With inept directing and editing and an incoherent script, this film utterly wastes any chance to create a charming little movie around the winner of 2012's Britain's Got Talent competition. Among a multitude of filmmaking sins, director Nick Moore (Horrid Henry: The Movie) never even lets the scruffy-cute dog Pudsey strut his stuff, limiting him to one rather dull trick. And the choppy way the film is assembled makes the audience wonder if the A-listers in the cast were working from the same script.
After being kicked off the set of a period-style movie, Pudsey (voiced by Britain's Got Talent judge David Walliams) wanders into London and meets three kids: surly teen Molly (Miekle-Small), her bratty little brother George (Spike White) and their younger sibling Tommy (Malachy Knights), who hasn't said a word since their dad moved out. Their mum Gail (Jessica Hynes) is holding things together best she can, and is just about to move them to the remote village of Chuffington for a fresh start. But Pudsey stows away in their stuff, immediately causing trouble with their new landlord Thorne (John Sessions), who despises dogs. Soon, Jessica and Molly start flirting shamelessly with the nearby hunky farmer Jack (Luke Neal) and his fit teen farmhand Will (Luke Tittensor), while Pudsey snoops around, discovering Thorne's nefarious plan to level Jack's farm to build a huge shopping mall.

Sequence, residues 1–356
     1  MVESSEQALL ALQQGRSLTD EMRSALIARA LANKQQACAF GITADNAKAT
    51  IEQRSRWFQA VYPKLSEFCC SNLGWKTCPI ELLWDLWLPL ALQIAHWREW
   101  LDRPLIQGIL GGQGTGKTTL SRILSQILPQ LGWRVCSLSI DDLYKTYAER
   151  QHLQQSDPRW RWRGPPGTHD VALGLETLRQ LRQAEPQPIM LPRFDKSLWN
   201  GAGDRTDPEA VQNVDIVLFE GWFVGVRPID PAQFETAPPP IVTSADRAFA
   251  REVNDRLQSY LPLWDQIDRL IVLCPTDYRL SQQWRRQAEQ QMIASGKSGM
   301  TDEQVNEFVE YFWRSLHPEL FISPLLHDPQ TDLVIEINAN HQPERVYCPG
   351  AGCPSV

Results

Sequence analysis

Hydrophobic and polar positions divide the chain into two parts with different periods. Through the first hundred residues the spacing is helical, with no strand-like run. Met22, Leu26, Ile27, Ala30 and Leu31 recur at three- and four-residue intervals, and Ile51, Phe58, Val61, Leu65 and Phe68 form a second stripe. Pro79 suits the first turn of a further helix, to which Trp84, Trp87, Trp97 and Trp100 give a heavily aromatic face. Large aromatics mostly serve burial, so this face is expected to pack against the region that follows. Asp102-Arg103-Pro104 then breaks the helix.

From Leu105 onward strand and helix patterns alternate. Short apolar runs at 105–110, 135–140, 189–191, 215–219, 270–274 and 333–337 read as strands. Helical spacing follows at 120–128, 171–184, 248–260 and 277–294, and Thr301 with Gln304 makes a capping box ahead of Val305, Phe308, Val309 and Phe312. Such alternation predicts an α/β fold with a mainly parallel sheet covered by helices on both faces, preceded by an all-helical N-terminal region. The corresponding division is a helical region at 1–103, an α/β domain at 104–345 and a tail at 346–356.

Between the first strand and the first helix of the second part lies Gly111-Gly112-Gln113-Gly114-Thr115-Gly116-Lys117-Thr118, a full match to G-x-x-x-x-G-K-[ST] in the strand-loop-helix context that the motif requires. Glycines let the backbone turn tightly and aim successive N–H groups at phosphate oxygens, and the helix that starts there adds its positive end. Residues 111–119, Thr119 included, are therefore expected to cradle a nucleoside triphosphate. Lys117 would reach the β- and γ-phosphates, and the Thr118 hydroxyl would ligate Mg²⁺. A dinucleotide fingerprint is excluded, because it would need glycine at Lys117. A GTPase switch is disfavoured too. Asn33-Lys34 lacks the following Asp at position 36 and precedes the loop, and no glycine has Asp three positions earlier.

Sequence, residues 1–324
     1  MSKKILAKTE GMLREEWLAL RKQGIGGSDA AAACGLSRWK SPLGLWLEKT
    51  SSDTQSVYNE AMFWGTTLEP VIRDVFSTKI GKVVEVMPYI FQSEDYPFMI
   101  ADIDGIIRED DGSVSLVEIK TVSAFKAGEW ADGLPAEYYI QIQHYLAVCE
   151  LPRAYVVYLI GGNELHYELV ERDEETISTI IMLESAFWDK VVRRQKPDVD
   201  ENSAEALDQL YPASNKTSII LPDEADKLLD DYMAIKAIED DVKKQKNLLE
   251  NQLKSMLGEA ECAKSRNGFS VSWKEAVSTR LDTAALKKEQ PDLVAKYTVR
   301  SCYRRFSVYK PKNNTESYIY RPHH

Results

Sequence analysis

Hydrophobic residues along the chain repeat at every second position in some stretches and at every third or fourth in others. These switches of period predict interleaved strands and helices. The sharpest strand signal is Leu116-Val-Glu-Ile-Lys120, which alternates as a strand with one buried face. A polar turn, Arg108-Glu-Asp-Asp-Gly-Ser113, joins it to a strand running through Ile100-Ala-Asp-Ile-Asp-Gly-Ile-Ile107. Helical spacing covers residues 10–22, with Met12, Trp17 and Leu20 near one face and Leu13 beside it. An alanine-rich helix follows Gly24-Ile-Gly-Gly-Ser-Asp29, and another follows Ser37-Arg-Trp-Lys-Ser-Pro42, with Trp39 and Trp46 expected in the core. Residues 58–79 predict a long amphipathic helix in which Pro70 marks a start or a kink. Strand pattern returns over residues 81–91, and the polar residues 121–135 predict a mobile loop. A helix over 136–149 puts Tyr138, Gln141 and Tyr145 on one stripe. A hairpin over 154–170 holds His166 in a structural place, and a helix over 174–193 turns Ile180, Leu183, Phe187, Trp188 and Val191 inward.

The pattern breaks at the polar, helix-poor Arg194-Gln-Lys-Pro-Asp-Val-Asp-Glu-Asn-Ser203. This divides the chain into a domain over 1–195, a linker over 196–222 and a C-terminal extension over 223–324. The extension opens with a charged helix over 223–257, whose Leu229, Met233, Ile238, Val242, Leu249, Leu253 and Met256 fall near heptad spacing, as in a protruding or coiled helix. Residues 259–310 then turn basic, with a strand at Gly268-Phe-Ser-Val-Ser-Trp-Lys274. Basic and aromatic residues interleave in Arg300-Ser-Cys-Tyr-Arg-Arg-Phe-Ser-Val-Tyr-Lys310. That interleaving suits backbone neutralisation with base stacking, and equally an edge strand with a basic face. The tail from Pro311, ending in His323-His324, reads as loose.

Screenwriter Paul Rose tries to include every conceivable British movie cliche, from a village fete to a random moment of adventure when Tommy falls into a well (where's Lassie when we need her?). At least the cinematography is pretty, even if director Moore seems more interested in repulsive jokes involving a pig who thinks he's a chicken laying eggs. There are also some startlingly grown-up gags involving surprisingly rude innuendo for a movie that's otherwise aimed at very young children. But most of the script's jokes never make it to a punchline, and plot threads start and stop with no warning at all. The worst diversion is when Pudsey is incarcerated in a kind of doggy Auschwitz outside the village, then leads a lame Great Escape after a bit of mind-numbing rapping.
Continue reading: Pudsey The Dog: The Movie Review
Jack (Winstone) is a grizzled veteran of the Flying Squad, known in rhyming slang as "the Sweeney", an elite team of undercover London cops who deal with armed crime. His right-hand man and protege is George (Drew), and as they investigate a suspiciously messy jewellery heist, they are distracted when internal affairs officer Lewis (Mackintosh) starts looking for a reason to shut them down. Their captain (Lewis) tries to help, but things are complicated by the fact that Jack is having an affair with Lewis' wife (Atwell).